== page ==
A survey conducted by The Statesman has shown that Parliamentarians of the New Patriotic Party are split in the middle over whether or not the ruling party should have an early congress to elect a flagbearer for the 2008 general elections.
The opinion poll was done over the last four. Forty one of the one hundred and twenty eight NPP MPs were asked the question whether they preferred an early congress (thus, between the next three months and April 2007) or a late one (between October 2007 and January 2008).
Twenty said they wanted an early presidential nomination, with nineteen preferring a latter date. One MP was undecided but prepared to go for the option that would best advance the case to keep the National Democratic Congress firmly in opposition.
The party's constitution simply states that a new presidential candidate should be elected not later than eleven months to the next general elections when the party is in power. Thus, neither of the options offends the NPP constitution.
A party conference next month is expected to fix a date for the presidential primary. But, the process of setting a date for the primary should begin by the National Executive Committee in the next couple of weeks. The smart money is on a compromised date, probably between June and August 2007.
There seems to be a collective determination within the party leadership for the campaign period not to fall around the Golden Jubilee celebration of Ghana's independence. The Early-ites want the next candidate elected before March 2007 so that the party can unite behind that leader for the Independence anniversary and beyond.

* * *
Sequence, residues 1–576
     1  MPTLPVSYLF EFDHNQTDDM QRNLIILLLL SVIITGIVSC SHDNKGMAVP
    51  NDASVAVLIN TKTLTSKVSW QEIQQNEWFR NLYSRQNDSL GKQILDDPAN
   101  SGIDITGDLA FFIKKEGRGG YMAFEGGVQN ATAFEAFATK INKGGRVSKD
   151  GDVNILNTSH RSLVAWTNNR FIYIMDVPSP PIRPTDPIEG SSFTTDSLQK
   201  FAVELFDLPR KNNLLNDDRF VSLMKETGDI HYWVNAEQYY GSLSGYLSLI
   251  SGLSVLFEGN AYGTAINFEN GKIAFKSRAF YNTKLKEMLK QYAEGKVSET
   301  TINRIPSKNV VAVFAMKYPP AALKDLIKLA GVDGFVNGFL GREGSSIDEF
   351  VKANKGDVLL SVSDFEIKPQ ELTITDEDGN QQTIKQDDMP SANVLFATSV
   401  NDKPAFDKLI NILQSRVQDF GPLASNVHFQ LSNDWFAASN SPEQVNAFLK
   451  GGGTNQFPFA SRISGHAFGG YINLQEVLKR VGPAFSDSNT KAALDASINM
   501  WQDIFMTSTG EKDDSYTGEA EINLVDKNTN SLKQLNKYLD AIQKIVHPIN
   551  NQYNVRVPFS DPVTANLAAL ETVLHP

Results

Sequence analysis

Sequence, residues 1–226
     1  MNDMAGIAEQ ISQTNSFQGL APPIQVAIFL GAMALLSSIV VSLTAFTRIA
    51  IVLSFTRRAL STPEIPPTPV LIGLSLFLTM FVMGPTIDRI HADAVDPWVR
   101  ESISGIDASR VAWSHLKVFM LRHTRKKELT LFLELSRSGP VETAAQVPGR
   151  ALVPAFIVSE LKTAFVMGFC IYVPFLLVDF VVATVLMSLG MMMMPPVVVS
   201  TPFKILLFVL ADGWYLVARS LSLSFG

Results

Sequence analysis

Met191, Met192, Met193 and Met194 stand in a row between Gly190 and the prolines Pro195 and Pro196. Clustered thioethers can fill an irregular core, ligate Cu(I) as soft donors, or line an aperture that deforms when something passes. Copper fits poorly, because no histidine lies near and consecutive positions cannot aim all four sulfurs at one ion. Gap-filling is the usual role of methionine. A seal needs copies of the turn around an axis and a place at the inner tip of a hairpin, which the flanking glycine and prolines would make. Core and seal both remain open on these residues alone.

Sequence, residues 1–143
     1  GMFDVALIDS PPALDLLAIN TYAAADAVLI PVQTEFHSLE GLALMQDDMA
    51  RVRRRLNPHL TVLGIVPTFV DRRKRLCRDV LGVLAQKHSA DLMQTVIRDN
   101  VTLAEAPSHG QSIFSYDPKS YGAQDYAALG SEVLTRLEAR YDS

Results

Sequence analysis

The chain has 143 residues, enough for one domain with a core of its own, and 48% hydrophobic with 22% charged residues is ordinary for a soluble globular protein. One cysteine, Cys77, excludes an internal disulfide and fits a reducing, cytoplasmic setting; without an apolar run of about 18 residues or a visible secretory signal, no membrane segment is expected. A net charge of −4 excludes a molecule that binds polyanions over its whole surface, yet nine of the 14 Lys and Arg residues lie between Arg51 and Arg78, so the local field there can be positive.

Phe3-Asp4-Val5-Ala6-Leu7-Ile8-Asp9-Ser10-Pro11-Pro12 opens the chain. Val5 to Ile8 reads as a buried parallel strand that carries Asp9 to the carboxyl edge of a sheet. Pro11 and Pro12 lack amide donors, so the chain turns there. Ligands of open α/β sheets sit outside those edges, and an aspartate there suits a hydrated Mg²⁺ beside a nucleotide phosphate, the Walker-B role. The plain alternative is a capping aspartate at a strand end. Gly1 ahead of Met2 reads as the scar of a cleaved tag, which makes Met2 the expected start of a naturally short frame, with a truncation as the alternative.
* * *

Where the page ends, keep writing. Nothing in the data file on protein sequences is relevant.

The Laterites, for their part, believe President Kufuor and his government should remain the center of focus for as long as it is strategically possible, fearing a divided attention at the top would only harm the party.
But, the Early-ites quaff at this, saying the divided attention is very much on, with about ten sets of campaign teams for various candidates currently knocking the doors of party executives for attention.
The Early-ites, at our last count last month, included most of the potential candidates. Nine out of ten aspirants and their campaign teams contacted said they preferred an early date.
The MPs who support this line, further argue that since the party is going for a fresh presidential candidate to present to the general electorate, an early primary will afford the party enough time to market the fresh flagbearer, with visits to every district, town and hamlet.
They also say some campaign activists are busily throwing mud at rival camps and this can best be checked by cutting short this unofficial campaign period.
“We need to quickly unite before the next leader or face implosion,” warned one Early-ite MP.
“The ideal situation would have been not have had people campaigning so early in the day, at all. But, who says politics is perfect?” a pragmatic Early-ite said.
A known leading presidential aspirant and a mega Early-ite said, because the main opposition party, the New Democratic Congress, will open nominations this August to choose a leader before the end of the year, the NPP needs to keep apace to stop the NDC from assuming the upper hand.
Source: The Statesman